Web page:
When you set up as a personal trainer you will need to market your business. But where should you start? You may have all the qualifications you need to offer personal training or run a gym, but most people who start a business have little experience of marketing and are working to a limited budget.
A marketing plan is a good place to start, as it will help you set out your priorities, where to spend any budget and which marketing activities can bring in revenue without costing the earth.
What do I put in my marketing plan?
You may already have some of the information you need in your business plan (see our blog: Starting Your Personal Training Business – Writing a Business Plan).
This will include:
- Setting out a mission statement
- Outlining your goals
- Establishing your USP (unique selling point) and target market
- Finding any gaps in the market
- Identifying who your competitors are
You should then set out your marketing strategy and how you plan to monitor the success of your marketing activities. For example, if you send out an email newsletter, you can monitor how many people open it, how many click through to view your services and whether any of them follow up by contacting you and converting to customers.
Create an online presence
Online activity is a quick and easy way to promote your business, for example:
- Website – a simple page is fine to start with, setting out what you offer and your qualifications and approach
- Blog – use your knowledge to create a blog with useful articles on health and fitness
- Facebook page/Twitter Feed – keep it professional and aimed at clients
- Instagram – a great way to show visual results, from images to video
- LinkedIn – a good place to post advice and links to professional articles
Don’t forget, people buy from people – and this is especially true in the case of services like personal training – so develop a professional but approachable online identity.
Should I start a newsletter?
Newsletters can be a good way to stay in touch with clients or attract new ones (see our blog: Personal Training – Newsletter Promotion).
However, bear in mind that if you send your newsletter out by email, only a small percentage of people are likely to open it, so you will need to balance this with the time it takes to put the newsletter together.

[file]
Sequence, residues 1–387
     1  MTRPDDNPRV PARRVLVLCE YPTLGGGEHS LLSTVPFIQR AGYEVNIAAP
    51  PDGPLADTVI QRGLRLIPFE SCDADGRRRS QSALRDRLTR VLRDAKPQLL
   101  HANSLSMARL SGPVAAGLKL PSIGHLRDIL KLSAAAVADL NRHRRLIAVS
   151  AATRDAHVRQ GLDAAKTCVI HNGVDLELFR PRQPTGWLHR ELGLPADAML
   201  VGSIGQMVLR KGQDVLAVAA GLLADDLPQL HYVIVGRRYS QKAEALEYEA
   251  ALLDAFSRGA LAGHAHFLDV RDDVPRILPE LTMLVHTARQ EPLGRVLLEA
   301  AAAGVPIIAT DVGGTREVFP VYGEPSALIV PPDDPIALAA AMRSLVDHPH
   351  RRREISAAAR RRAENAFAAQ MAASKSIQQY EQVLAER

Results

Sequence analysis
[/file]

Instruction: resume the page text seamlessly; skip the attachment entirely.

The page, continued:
What about printed material?
There’s no point paying for a glossy brochure if you have a limited budget and are not aiming at the very top end of the market.
However, printing a batch of flyers announcing your new business with an introductory offer can bring a good return on investment. There are also companies that will door drop flyers to carefully targeted post codes to suit your demographic.
If you’re working through a gym, you could ask permission to distribute flyers and put up a poster advertising your services.
Shop around, as print is a competitive field. Some printers also offer design, and it can save you money to get several printing jobs done at once, eg flyers and business cards.
With any printed material, make sure you get a second person to read it through for spelling and grammatical errors before it goes to print.
Is paid advertising worth the outlay?
Marketing pioneer John Wanamaker famously said: “Half the money I spend on advertising is wasted; the trouble is I don’t know which half.”
If you want to go down the route of paid advertising, make sure you analyse the results. Whether you’re putting an ad in a magazine or boosting a post on Facebook, include a special offer and you can monitor how many people take this up.
How do I get free publicity?
A press release to local newspapers and magazines can sometimes bring results, especially if there’s a good story behind your start-up business. Perhaps you have overcome adversity in some way, are targeting a neglected market (older people, those recovering from injuries) or are bringing a derelict building back into use by converting it into a gym.
Word of mouth
Finally, don’t underestimate the impact of word of mouth. Ask your friends, family and colleagues to talk about and share information on your new business. Chat to people you meet about what you do. Investigate local networking groups – you may have to pay to join some of them but there are usually free events too.
Ask your existing clients for a testimonial – a short quote that can be used on printed material and online.
As there are so many options for marketing your business, you might find it helpful to try two or three to start with and monitor their success compared with the cost – in money and your time.